Toddler lesson: corn 🌽 🍿

After our very first toddler lesson at home focusing on pumpkins, I received some feedback for which I was very grateful.

The kids has a blast, and they learned and retained a lot of the material we covered.

Attention

Our focus is simply to grab the kids’ attention. They’re so little and have trouble paying attention. And when the kids are put in an environment that’s different or new there are so many distractions, everywhere. It’s unavoidable. But, we try to minimize them.

Corn Lesson Plan

Sticking to the autumn theme, this past week’s lesson was focused on corn! There are a lot of things made out of corn so we ended up shucking corn after watching a YouTube video about Corn on the Cob. And then we did a few sensory activities while we read some books.

Here is a picture of my lesson plan board!

Toddler lesson plan board focusing on CORN

Corn Structured Play

Our biggest class yet. Five kids vs. three kids made a difference! Just a lot going on all at once…good noise of course!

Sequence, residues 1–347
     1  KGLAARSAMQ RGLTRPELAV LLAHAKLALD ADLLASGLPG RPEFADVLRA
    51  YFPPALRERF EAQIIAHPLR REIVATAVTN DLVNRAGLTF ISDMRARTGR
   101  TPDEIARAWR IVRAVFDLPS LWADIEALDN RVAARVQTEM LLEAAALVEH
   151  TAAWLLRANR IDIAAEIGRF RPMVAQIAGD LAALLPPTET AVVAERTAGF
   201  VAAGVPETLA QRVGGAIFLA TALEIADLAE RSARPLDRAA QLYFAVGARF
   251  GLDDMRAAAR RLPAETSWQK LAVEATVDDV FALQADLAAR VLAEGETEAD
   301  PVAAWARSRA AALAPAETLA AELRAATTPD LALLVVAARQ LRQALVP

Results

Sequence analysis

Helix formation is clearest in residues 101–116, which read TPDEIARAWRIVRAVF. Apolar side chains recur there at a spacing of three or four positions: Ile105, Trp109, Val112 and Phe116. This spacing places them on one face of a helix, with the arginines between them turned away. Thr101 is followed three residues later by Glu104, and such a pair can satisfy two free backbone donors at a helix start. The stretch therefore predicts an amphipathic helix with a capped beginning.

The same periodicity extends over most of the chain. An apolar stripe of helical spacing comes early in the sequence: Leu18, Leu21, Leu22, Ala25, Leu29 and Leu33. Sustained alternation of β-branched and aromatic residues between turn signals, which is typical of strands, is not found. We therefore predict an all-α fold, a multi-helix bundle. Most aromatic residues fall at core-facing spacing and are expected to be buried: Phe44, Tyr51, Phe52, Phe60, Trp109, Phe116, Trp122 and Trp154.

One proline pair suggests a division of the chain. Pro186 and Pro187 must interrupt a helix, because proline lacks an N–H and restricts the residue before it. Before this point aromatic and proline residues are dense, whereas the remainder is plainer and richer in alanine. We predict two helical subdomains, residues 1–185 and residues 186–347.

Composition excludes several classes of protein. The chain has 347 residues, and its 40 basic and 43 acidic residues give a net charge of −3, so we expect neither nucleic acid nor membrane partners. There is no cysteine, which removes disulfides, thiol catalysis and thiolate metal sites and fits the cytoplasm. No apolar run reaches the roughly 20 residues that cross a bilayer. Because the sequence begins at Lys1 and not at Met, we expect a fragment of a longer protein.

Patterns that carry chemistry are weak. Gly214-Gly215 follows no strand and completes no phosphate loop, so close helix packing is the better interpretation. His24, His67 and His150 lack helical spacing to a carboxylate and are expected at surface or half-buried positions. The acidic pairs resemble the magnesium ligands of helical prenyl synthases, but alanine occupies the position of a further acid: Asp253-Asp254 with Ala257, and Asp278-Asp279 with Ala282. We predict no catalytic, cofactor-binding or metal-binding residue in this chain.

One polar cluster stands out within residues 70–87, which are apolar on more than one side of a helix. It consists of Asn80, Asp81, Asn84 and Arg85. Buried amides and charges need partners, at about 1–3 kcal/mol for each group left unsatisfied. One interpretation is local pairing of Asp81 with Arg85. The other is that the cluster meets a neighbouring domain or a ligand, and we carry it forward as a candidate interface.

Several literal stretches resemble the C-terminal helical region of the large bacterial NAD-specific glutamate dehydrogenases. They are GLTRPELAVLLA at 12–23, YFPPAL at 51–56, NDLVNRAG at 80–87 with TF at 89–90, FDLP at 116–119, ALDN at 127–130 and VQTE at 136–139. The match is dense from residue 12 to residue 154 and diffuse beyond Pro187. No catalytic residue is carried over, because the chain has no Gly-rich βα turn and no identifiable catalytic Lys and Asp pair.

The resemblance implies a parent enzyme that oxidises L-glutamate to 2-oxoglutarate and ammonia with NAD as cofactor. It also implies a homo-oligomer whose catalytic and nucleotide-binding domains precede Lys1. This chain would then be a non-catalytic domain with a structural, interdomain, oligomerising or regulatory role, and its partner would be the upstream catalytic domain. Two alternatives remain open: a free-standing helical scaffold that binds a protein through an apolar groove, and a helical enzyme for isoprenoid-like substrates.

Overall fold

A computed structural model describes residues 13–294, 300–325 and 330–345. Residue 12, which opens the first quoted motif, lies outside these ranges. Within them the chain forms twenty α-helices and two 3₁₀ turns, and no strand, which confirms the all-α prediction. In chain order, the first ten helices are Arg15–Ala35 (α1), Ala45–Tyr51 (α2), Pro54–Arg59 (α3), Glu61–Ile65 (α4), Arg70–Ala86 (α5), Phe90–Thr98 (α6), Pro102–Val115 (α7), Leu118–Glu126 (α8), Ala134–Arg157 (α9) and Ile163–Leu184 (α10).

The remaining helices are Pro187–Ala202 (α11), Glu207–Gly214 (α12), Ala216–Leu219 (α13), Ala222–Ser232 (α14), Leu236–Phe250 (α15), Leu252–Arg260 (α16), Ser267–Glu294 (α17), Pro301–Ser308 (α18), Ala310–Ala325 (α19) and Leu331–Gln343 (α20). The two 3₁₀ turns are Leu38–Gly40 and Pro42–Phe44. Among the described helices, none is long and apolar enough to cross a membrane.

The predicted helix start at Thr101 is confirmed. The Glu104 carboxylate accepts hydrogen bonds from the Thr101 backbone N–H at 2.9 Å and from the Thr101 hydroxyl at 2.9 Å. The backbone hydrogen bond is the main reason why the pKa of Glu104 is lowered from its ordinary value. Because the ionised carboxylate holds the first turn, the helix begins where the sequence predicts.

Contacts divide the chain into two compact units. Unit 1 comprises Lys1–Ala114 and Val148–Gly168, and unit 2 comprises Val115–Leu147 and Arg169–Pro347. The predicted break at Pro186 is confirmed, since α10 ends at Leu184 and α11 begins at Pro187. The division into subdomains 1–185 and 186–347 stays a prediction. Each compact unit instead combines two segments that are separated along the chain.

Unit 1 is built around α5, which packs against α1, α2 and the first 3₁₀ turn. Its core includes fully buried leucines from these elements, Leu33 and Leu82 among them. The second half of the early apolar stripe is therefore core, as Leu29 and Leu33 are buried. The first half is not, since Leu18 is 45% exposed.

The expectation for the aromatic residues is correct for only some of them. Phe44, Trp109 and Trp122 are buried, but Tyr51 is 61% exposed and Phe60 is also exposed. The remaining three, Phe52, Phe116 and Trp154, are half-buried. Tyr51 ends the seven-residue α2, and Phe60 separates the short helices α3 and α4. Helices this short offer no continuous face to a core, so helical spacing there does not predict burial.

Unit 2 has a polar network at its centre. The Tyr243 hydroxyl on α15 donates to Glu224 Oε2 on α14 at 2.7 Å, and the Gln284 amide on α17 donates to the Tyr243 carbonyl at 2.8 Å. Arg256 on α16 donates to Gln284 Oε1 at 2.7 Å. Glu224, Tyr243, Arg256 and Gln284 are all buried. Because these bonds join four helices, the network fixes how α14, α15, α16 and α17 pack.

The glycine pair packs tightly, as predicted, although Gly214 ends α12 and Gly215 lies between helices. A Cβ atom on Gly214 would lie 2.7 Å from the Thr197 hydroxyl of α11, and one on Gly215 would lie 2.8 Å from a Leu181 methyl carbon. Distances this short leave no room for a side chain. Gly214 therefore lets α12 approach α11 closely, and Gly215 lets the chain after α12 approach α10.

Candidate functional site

Also, there were a lot of activities to cover, but the transition was nice because I tried to plan it so the kids had a few songs and then books and then back to some sort of craft so they didn’t get bored.

Overall, it was a very fast-paced lesson focused on play.

Here is a printout focusing on the letter C, corn, and the Chinese character with pinyin for corn.

C is for Corn

Once we finished with the lesson portion of the lesson, we went upstairs and munched away on corn snacks!

Corn snack ideas!

  • Corn muffins
  • Corn chips
  • Tortilla chips with salsa
  • Corn on the cob with or without butter
  • Spanish corn snack called Quicos (found at Whole Foods)
  • Popcorn

Popcorn Flavor Station

Why not make it fun and interactive for your toddlers and friends? You can create a popcorn station where kids can experiment with different types of seasonings. I whipped out my seaweed and other spices from my spice rack, as well as some mainstream spices, such as cinnammon with sugar

Popcorn with flavor station

Get your own brown paper bags and shake ’em up with your favorite popcorn seasonings. Of course, my child went for it and made a pile of “Bangkok Blend” seasoning along with Chili Powder!

Mixing different flavors for popcorn seasoning

Hopping Corn